"So, about that latte?" she says.
"What would you like?"
"Double tall mocha breve with hazelnut." Actually, aside from the double shot, the combination doesn't sound bad at all.
"Anything on it?"
"Just some nutmeg."
"As you wish." She takes a seat and I procure her hazel mocha, along with a single tall latte of my own. I seat myself and get down to business. "What kind of work do you need done?"
"It's not at the office, if that's what you're hoping," she says. "I had a hacker in my personal system yesterday. Thrashed my hard drive, and I haven't been able to recover much on my own. It's not that I'm particularly incompetent, it's just that the asshole made a big mess of things and it's beyond my current skills to fix, even with the help of Saint Norton. So I need data recovery, a few big steps up on my system security, and a damn good firewall. I lost at least 30 pages of my latest white paper, along with most of my research files for it. That, and about half the poems in the book I'm working on. It'll be a major pain to recreate all the work and research I've lost, assuming I could do it at all. And the white paper's due on Thursday. There's no way I'll finish in time without some professional assistance."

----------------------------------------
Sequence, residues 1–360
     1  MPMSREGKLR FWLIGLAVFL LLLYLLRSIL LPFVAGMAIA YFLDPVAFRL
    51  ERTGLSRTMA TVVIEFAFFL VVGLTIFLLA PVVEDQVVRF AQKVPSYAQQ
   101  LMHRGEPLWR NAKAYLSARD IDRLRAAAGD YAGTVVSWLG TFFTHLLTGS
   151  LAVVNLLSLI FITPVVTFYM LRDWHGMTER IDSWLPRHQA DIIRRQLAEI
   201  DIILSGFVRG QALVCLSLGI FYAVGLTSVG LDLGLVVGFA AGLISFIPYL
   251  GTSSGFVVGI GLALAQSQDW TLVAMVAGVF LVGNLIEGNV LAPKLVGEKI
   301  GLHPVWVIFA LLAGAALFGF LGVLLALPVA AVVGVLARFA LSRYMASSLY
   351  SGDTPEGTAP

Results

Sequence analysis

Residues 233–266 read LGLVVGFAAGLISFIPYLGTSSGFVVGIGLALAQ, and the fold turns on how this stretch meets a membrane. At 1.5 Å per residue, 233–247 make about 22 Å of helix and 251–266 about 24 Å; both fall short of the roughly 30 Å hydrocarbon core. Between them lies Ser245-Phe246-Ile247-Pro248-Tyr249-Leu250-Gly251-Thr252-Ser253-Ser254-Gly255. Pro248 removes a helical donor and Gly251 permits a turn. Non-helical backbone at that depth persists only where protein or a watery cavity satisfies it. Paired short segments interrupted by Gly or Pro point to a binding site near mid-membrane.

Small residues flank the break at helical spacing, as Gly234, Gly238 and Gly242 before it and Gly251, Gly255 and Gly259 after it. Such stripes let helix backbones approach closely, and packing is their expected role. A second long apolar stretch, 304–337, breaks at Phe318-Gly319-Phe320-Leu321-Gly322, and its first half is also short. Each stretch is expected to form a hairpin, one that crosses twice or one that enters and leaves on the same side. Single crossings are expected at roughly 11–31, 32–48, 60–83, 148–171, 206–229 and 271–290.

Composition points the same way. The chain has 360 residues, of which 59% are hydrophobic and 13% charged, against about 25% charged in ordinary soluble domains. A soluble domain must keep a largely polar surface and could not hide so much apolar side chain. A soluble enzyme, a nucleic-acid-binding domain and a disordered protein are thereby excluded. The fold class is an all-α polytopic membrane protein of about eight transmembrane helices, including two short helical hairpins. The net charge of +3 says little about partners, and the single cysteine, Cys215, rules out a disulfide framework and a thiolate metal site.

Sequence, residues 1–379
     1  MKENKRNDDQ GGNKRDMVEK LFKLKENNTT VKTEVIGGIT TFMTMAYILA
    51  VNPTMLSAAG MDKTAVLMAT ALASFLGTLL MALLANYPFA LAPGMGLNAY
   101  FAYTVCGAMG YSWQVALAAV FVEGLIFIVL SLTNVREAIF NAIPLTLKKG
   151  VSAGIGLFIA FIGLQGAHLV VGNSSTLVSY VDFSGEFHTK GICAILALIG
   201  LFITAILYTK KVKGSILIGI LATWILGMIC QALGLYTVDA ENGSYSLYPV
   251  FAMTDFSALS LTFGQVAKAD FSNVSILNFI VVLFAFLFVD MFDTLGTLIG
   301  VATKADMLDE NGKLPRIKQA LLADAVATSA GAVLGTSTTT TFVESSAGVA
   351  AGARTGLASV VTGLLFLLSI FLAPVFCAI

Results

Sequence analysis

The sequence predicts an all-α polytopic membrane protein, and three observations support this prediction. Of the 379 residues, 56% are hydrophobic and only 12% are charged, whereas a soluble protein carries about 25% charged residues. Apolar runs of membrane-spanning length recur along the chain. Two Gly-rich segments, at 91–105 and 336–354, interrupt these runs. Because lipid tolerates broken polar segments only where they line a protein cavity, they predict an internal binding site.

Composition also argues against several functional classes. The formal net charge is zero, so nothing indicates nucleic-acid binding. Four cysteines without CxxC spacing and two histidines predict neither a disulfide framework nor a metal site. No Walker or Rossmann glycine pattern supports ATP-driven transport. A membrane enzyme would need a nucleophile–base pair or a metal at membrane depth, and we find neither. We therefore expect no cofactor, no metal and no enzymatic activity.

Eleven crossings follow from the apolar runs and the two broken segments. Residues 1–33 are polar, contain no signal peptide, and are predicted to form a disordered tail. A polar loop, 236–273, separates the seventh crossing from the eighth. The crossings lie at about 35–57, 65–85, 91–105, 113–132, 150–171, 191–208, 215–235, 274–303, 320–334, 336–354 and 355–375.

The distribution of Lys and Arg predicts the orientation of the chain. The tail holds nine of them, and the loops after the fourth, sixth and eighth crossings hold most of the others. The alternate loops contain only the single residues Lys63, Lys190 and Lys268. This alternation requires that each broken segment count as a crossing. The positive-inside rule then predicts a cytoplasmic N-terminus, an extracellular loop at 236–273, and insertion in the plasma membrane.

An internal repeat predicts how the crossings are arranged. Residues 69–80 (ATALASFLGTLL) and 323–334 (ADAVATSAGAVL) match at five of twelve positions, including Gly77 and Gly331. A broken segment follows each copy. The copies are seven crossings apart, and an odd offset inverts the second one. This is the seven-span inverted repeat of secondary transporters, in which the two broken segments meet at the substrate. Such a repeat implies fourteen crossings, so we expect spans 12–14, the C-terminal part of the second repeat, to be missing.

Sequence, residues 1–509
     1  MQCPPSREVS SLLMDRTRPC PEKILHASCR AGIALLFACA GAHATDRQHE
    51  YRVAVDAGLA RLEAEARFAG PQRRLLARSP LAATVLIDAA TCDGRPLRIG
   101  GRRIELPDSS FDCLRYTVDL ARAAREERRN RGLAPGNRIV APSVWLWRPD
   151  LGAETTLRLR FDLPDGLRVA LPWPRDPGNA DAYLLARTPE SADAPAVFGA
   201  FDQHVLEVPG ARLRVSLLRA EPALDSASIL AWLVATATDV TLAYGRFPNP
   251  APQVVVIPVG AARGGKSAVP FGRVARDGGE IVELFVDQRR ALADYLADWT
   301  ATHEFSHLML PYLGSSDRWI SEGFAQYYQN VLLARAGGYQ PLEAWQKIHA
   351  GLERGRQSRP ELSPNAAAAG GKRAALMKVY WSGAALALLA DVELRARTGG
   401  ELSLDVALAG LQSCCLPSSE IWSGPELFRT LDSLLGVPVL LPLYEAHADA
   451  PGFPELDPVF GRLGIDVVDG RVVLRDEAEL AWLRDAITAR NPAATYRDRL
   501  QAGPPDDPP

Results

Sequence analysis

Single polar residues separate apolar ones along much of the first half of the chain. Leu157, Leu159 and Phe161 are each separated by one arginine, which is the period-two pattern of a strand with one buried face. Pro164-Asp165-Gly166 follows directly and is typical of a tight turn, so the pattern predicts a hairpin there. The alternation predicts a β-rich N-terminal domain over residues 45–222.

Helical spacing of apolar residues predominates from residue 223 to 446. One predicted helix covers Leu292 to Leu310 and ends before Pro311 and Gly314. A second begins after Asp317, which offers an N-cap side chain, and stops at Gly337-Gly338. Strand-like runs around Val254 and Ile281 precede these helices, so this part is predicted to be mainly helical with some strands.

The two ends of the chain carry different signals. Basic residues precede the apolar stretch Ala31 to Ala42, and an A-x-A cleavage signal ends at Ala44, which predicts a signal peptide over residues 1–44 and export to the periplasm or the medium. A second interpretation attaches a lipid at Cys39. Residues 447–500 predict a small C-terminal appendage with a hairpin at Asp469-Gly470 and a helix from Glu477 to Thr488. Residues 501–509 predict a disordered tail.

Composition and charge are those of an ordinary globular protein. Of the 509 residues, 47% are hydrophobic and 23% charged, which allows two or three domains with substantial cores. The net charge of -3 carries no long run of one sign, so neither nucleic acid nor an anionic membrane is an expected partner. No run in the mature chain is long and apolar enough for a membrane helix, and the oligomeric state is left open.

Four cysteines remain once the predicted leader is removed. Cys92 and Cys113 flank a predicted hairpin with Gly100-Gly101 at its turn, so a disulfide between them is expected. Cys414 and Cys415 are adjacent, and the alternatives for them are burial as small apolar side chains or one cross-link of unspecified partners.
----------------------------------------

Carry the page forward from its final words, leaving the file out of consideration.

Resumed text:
She looks more than a little upset about the situation. I can't say I blame her. I've screamed a few times when Langly's been in my system messing around with things to play with my head, and he doesn't do nearly the amount of damage she's talking about. "That's got to hurt. I should warn you though, that my rates are a little steep for most individuals," I tell her, somewhat disappointed.
"The Club pays pretty well for my persuasive talents. If you're not totally out of line for a small firm, I can probably afford you."